the case of phpBB templates
The first template engine I worked with was the phplib engine used in phpBB templates. At first, like many, I thought it was amazing. I could edit these template pages and voila, the result would show up on my forums and I never had to mess with the php code.
Now that I have "matured" a bit in my understanding of templates (thanks mostly to Vincent) I realized a very, very critical point. Templating is NOT an engine, it is an idea. Pulling the presentation layer away from the code so that you don't have to modify the source code to get a different look can be done using PHP+CSS because it is not an engine, but simply a way of dividing up the tasks.
This actually became apparent to me earlier while making a "MOD" on my board. I realized that if you want to change the presentation of the forum, it is actually necessary to modify both the code and the templates. It is the case that the templates can actually get "outdated" as the code refactors. To me, this is not right.
The templates should be "logic-free" widgets. You should probably have one main template that does the primary painting on the page (header, footer and sidebars) and then for each widget you add, it should populate and insert the contents of its result. For instance, if my application had a list page, where I showed a paginated list of items, the "list" template should be used. That way, if I later added a new "box" on one of my pages that showed a list, I would not have to change the widget template (unless of course the template was bad to begin with). Look at this forum and try to put your finger on the different widgets it uses, and make a template for each of them. Many of these templates will be very small, and you simply include them when the data is ready and buffer the result to be used in the main template.
This follows what Vincent pounds in our heads of code reuse. If you think about it, phpBB templates repeat html code all over the place. They have a template for posting, template for viewing forum list, template for viewing message list, template for searching, template for search result list. That is TONS of repeated presentation layer code. If they had narrowed it down to widget templates (whether the tempates are PHP or some language it doesn't really make a difference) they could have reduced the amount of work the template artist had to do.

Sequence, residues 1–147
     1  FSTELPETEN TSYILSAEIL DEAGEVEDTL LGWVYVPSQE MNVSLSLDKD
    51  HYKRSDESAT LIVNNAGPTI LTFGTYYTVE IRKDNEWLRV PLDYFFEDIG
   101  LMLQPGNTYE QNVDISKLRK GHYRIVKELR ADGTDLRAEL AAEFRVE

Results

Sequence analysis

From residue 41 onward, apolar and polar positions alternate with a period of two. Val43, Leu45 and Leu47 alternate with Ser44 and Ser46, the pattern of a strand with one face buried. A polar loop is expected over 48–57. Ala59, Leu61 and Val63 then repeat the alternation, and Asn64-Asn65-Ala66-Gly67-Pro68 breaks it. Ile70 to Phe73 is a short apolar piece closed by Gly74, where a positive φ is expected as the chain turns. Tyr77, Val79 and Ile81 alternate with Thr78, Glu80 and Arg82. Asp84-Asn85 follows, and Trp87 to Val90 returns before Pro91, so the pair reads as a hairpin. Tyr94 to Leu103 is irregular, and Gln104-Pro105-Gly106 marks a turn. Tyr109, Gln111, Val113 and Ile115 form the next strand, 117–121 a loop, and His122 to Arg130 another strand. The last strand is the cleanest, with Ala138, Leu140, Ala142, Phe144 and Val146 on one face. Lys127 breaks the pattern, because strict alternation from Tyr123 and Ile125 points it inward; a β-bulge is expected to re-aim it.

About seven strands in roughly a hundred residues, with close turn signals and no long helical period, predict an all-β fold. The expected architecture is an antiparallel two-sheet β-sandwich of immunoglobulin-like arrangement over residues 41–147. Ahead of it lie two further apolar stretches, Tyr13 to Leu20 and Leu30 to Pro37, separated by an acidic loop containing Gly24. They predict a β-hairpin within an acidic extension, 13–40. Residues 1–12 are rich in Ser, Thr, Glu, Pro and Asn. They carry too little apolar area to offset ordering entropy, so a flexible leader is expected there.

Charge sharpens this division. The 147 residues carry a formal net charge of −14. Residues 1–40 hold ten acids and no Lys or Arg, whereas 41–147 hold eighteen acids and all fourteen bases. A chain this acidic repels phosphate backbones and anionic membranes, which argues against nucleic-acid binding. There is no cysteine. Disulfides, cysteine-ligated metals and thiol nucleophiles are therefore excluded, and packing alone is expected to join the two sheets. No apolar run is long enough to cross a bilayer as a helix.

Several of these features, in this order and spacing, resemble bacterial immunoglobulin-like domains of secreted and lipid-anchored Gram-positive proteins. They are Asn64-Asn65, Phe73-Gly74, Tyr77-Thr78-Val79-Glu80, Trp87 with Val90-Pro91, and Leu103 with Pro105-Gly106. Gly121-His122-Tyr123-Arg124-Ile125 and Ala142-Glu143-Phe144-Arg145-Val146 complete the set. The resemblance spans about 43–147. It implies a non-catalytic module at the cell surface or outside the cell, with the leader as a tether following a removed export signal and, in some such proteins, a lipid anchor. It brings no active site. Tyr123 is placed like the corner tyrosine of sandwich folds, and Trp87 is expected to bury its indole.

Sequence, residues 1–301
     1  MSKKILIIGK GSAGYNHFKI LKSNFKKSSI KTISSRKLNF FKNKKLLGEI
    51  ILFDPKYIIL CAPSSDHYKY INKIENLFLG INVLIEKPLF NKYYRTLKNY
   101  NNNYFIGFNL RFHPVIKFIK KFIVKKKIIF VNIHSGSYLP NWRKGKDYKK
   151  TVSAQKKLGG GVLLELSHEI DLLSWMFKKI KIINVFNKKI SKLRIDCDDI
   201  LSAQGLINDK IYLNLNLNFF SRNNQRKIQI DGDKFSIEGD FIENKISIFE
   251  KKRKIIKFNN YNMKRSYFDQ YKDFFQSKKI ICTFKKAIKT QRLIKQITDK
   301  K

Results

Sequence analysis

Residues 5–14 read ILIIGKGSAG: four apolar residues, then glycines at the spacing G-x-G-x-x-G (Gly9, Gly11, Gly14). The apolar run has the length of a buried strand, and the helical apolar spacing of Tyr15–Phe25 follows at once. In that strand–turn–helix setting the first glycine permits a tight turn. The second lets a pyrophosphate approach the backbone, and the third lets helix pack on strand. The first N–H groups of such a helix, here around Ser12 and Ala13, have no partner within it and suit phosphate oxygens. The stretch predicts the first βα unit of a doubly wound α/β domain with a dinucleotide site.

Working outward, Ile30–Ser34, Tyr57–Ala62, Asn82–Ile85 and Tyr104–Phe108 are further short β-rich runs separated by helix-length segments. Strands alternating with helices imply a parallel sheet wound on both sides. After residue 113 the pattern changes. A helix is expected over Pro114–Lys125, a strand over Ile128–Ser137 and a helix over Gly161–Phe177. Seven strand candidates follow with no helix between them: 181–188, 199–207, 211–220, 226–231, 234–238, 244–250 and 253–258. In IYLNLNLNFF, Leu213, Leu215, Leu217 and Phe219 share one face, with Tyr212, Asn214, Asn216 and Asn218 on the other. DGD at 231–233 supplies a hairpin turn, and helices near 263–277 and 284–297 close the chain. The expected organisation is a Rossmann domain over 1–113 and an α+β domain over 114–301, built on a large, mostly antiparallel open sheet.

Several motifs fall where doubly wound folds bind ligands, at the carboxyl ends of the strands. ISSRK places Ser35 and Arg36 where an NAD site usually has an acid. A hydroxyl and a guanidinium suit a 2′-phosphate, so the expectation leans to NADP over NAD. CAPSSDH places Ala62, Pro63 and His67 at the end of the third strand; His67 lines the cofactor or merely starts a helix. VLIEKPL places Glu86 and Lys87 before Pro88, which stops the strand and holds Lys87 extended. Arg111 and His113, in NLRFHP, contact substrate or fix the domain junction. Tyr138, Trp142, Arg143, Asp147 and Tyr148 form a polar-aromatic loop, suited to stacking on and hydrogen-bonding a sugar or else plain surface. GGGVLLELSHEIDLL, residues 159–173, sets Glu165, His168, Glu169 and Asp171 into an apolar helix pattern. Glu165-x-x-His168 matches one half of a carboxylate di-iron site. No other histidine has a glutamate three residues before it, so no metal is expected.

So whether you choose to use PHP (like me) or you choose to use "insert favorite template engine of choice," you should think of your templates as widgets instead of as page-specific templates, with one or two "main" templates that wrap the entire page in a basic layout. And the nice thing about this method is that you will see your widget "refactor" themselves as new situations present themselves, but never will you have to modify 20+ templates to make a new style. Try to consider "merging" similar widgets together that only differ by class definitions and come up with standard class names just like Qt or GTK. For instance, if you use a sideblock, but some are red and some need to be green, instead of making several templates for almost the same code, try to make the classname dynamic on the block or something like that.
By the way, if you are interested in a template engine that is just php with alternative wrapper tags, check out HTML_Template_Xipe in PEAR. All it does is let you change the tags used for php, eliminates the need for brackets by using indentation and does courtesy "echo" statements when a simple variable is enclosed in the tags. It is simply a layer between the designer and the cached version which allows you to type less and get a php result page. In the end I will just type the php thanks and skip the processing, but since they can be cached outside of the program being run, you can just create the template when the designer hands it to you and drop it in place (maybe use a commandline script).